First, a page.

The rock fortress of Sigiriya.
as it sounded, I've seen something like this before. Ancient buildings on top of a massive red rock? Check. A fortress atop a standalone rock? Check. Frescoes painted onto natural rock? Check. Ancient ornate carvings into rocks? Check. It surely couldn't be worth the money. Maybe if I was on a short holiday here from work rather than on a two-year budget backpacking tour of the world.
Alex and Tom - the Brits I met in Hampi and then met up with on the southern beaches of Sri Lanka - had given me a heads-up about Sigiriya's extortionate entry fee and they also told me that the view was still just as spectacular from nearby Pidurangala, another massive rock. And after a short twenty minute climb, the view from Pidurangala - which actually had Sigiriya in it - as well as the rest of the surrounding scenery, , reminded you along with the train ride from Ella to Kandy, that Sri Lanka has a beautiful countryside.

Though I may have slagged off Sri Lankans earlier in this blog, like every country, there are some good ones too. The ones who are generally more relaxed and informal about things than
Tea PlantationTea PlantationTea Plantation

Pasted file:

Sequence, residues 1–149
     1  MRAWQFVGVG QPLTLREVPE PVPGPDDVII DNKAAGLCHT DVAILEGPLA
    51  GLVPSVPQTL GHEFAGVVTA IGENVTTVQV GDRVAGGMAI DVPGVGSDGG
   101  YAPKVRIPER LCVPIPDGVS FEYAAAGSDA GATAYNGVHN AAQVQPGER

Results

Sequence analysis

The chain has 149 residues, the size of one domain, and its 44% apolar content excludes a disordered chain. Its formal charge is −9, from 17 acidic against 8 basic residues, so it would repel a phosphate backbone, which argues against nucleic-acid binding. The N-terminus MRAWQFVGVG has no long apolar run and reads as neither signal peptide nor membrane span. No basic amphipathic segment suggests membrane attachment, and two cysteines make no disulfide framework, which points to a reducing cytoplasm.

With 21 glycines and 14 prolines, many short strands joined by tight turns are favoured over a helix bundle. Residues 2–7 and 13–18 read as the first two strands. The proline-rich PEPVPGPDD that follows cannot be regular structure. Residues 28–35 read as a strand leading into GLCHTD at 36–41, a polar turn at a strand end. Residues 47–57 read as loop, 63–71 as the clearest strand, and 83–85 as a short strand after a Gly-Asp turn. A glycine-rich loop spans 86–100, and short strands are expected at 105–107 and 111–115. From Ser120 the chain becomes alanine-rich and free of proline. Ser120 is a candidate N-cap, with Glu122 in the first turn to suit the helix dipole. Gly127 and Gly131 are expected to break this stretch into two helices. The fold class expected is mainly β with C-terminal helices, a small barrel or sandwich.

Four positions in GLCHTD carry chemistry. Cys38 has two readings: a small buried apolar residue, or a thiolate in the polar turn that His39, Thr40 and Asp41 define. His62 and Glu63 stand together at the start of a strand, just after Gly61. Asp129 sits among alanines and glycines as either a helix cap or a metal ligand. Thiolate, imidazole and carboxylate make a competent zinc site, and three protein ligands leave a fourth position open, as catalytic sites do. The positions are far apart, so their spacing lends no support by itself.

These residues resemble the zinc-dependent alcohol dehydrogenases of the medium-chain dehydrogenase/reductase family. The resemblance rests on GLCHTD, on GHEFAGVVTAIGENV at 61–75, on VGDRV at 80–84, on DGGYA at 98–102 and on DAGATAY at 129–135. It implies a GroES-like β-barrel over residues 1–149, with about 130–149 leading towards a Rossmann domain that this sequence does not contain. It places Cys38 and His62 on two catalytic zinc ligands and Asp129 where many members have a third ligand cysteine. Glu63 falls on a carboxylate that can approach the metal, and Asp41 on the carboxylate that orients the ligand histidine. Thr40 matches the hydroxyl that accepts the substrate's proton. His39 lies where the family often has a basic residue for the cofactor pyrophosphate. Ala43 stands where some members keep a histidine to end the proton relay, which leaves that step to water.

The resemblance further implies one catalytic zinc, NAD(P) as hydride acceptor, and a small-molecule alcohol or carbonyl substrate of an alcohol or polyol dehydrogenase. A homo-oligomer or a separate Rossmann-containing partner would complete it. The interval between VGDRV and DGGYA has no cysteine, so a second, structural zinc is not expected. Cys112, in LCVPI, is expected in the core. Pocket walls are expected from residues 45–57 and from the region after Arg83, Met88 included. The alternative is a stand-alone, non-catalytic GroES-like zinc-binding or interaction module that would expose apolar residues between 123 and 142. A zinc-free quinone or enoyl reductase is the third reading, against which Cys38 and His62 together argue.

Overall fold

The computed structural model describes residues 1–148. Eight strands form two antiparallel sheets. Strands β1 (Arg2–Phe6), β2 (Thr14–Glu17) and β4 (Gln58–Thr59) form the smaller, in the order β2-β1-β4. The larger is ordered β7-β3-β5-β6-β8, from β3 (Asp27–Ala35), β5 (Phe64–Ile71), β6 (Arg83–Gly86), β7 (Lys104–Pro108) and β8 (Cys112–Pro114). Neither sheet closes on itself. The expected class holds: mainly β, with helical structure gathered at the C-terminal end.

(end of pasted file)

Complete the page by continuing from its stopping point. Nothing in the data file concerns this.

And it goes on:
Previously known as Ceylon, Sri Lanka is closely associated with tea production. On the train from Ella to Kandy, the monk and I spotted more than a few plantations.
their Indian counterparts. The ones who aren't such sticklers for rules. There are even some good tuk-tuk drivers around - like the one who gave me a free ride from Pidurangala to Sigiriya because he was simply going that way.

On my last evening in Kandy, I decided to eat at the very busy Muslim Hotel, which also had good reviews on TripAdvisor. The food was excellent with the beef kabul being the highlight. Imagine a roti parcel filled with spiced beef. So good. I also managed to meet some fellow travellers here as I got plonked down next to them since there were no spare tables.